When I first came to the University of Toronto in 2015, my only goal was to graduate with stellar grades. Five years and many lonely nights later, I’m beginning to realize how important it is to build a network of people who support you as you undergo your undergraduate journey.
As a result, this year, I’ve decided to not only join more clubs and participate more in my classes, but to have a more active presence on campus. But, how? Well, when my roommate mentioned her upcoming sorority meeting, I knew the answer to my question. I was going to join a sorority.
There’s only one deterrent, however: COVID-19.
When the World Health Organization declared coronavirus a global pandemic on March 11, things changed drastically at the University of Toronto. More specifically, classes, clubs and student events adjusted to an online format. This shift also created a long, drawn-out online process of joining a sorority or “rushing”.
A year ago, rushing could be completed in one intense weekend. Now, however, it takes weeks to complete the mandatory online visits to all houses and get a sense of each house’s atmosphere.
Each sorority house has a different personality and the requirement before you can bid for a house is to visit all seven houses either once or twice.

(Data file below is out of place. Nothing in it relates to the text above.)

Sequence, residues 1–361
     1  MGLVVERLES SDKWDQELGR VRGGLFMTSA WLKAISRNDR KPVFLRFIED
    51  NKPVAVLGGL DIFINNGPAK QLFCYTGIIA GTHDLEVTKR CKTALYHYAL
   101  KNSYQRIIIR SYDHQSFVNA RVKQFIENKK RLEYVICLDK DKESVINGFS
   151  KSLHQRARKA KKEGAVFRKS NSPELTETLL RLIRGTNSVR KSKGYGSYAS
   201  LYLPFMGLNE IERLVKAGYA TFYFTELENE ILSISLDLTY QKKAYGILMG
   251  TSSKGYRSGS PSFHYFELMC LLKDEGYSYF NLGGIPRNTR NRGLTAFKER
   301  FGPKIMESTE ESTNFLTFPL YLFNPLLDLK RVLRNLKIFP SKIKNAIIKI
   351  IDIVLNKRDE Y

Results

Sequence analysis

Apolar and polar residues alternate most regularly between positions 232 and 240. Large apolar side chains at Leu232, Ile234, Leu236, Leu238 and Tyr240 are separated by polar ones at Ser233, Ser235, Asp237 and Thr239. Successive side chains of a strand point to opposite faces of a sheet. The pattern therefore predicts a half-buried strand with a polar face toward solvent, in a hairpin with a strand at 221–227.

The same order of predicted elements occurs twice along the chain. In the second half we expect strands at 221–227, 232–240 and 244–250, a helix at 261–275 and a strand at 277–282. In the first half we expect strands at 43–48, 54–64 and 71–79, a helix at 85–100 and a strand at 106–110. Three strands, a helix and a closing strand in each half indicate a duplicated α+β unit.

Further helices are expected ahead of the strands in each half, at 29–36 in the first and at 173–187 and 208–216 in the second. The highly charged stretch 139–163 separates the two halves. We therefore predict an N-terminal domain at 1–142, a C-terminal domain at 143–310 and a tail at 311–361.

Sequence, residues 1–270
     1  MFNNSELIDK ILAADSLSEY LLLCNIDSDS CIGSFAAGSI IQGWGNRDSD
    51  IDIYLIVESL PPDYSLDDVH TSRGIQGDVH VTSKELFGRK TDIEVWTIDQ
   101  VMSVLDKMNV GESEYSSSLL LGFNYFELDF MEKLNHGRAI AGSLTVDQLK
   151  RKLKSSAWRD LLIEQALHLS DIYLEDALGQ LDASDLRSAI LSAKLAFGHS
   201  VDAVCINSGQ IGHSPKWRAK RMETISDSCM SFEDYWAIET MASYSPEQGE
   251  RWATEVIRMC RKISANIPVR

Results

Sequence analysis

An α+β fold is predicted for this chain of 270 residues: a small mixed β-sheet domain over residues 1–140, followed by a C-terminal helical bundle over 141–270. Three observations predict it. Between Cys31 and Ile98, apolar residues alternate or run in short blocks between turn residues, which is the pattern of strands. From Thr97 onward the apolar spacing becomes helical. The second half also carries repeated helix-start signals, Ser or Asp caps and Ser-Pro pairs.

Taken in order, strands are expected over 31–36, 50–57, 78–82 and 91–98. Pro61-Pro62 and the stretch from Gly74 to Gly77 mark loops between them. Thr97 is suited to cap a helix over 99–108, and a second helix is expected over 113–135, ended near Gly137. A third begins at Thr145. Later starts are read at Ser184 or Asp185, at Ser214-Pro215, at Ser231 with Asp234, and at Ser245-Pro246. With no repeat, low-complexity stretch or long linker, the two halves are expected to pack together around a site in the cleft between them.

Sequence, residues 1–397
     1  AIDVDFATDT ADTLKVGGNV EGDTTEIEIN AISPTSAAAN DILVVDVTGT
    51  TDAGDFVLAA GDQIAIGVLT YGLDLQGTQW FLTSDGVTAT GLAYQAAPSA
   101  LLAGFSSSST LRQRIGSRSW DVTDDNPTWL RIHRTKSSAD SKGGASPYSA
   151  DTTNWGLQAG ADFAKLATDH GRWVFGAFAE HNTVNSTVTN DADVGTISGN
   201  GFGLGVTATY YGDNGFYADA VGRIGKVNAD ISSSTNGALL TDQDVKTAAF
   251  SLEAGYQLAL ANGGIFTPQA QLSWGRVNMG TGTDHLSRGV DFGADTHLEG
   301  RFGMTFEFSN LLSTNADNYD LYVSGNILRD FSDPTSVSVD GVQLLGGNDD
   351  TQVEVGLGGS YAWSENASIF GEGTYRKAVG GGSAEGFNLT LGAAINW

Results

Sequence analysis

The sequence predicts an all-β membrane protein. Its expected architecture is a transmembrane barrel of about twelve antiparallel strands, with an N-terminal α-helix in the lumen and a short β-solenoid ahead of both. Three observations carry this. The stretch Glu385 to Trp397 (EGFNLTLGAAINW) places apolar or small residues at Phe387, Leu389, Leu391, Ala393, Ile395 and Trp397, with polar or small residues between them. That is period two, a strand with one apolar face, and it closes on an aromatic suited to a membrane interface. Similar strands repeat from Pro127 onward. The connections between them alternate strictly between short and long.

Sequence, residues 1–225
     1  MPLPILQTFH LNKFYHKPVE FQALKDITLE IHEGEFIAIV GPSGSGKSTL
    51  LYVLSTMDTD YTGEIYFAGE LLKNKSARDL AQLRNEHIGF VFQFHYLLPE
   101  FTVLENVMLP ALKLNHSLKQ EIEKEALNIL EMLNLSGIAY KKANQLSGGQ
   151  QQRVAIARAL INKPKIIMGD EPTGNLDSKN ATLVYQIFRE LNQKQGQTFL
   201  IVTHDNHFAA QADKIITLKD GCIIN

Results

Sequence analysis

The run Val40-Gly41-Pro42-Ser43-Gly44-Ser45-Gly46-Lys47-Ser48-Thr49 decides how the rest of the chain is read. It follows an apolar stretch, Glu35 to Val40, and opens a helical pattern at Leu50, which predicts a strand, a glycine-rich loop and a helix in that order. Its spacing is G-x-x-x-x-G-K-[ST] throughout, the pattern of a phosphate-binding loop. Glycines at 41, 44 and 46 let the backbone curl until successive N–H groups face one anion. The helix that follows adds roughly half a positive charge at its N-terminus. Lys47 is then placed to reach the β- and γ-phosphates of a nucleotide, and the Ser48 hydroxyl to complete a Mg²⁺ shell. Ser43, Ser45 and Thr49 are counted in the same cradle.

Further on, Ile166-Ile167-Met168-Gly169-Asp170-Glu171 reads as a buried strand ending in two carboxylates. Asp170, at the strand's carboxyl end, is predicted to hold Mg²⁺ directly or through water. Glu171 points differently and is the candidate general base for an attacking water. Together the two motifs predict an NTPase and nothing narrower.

For the last three weeks, I’ve been attending endless virtual coffee dates with house members and joining long zoom sessions with important information about the sororities. Honestly, doing everything online has greatly stifled the process of getting to know the general vibe and attitude of a sorority along with its values. That said, it’s given potential sorority members new opportunities to get to know sorority members on a more one-on-one basis.
Prior to my first sorority coffee date, I was extremely nervous about the process of recruitment. I worried that my personality wouldn’t shine brightly enough during the interview, for me to receive a bid. Interestingly, joining a sorority confronted me with some of my underlying insecurities that I hadn’t previously given attention to.
As time flew by, I realized that the sorority members who were interviewing me were just as nervous as I was. Online recruitment left them feeling vulnerable and a little lost, as well.
If there’s one thing I’ve learned throughout the whole process of online recruitment, it’s that one — getting interviewed is not that scary. The goal of an interview is to build a connection with the interviewer, so being personable, friendly and kind always helps. Hopefully that lesson will follow me in future job interviews.
Now, as I wait to receive news on which sorority house I’ll be joining, I’ve developed a new-found sense of confidence. I’ve realized that I’ll be fine if I don’t get into a house — I showed up and tried my best and that’s all that matters.
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